To articulate methodology—that crucial link between method and theory—is to explain our work to potential collaborators, in both the humanities and social sciences, and to those to whom we are accountable, as activists and as educators: our administrators, our students, and the world. Scholars in science and technology studies STS also rely on organization and management scholarship in workplace studies in which researchers study workers including consultants, doctors, or engineers in the context of particular organizations Garcia et al.

From a reflexive position, Rosner focuses on the social and functional role of artifacts as objects that are spatial and temporal flows with emergent compositional elements and constituent surfaces. This definition is from a grant proposal narrative that is not publicly available.

What does Cultural Studies do

This stance is unlike social scientists such as Donna Haraway and Sandra Harding, who use a feminist epistemology to critique objectivist stances and to claim that valid scientific methods require that we claim our situatedness on what we are able to see Harding, Whose Science? Whose Knowledge? That epistemology has bearing on the methodological discussion is not lost on Harding. Such insights were often the result of gaining the confidence of and having and showing empathy for subjects.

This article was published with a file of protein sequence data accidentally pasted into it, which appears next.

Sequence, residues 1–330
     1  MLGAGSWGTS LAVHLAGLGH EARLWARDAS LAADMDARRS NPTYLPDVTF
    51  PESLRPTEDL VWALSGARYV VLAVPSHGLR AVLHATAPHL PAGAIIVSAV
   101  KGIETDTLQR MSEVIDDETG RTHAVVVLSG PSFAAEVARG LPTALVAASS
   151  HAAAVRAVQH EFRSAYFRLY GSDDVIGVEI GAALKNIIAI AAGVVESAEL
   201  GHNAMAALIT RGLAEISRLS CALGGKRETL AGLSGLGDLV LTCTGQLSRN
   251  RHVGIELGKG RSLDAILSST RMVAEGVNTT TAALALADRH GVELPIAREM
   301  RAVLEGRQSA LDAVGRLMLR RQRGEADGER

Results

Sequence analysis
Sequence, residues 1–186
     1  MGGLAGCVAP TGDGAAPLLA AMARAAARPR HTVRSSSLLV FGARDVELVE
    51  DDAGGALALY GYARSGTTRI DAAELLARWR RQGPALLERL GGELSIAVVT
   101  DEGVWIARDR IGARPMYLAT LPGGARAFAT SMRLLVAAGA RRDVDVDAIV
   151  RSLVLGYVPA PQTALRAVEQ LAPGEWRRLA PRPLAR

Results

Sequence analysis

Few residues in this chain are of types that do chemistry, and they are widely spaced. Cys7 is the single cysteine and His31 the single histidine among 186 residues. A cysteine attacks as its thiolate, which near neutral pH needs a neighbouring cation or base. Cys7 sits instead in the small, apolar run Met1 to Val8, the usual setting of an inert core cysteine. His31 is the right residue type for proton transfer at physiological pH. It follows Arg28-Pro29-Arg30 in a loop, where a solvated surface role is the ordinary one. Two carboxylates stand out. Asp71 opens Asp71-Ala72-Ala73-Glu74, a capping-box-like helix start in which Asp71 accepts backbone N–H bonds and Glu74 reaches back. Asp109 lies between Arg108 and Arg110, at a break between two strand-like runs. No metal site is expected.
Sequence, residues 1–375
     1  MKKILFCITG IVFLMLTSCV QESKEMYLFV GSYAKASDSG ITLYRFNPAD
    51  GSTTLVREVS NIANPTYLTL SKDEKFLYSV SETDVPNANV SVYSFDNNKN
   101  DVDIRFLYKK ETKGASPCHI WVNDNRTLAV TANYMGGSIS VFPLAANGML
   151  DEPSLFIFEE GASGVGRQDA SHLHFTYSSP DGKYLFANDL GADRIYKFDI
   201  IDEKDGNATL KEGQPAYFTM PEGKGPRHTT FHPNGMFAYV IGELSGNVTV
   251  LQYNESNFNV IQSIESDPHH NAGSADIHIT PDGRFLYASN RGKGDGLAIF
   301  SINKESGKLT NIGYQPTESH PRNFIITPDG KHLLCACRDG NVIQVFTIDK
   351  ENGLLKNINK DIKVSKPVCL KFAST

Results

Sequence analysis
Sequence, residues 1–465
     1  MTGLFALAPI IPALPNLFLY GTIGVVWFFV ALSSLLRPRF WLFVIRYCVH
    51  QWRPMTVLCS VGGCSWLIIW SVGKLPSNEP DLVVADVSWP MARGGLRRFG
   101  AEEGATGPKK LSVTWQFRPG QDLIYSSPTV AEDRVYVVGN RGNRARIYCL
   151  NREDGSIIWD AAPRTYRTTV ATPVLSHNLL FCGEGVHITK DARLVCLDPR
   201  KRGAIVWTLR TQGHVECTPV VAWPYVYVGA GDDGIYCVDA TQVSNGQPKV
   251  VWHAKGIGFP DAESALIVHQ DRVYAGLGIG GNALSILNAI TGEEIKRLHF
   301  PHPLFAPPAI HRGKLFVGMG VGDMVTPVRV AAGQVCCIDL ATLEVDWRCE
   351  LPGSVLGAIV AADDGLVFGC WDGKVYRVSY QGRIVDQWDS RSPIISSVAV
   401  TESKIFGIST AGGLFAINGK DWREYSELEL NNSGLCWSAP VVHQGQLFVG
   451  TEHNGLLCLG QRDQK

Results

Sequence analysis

As in literary study, ethnographers made a postmodern, postcolonialist turn in the s and s that is reflected in books that challenged the efficacy and ethics of ethnography as an objective or impartial look at the world and insisted, instead, on the potential of fieldwork that produced subjective, contingent, and situated knowledges Adler.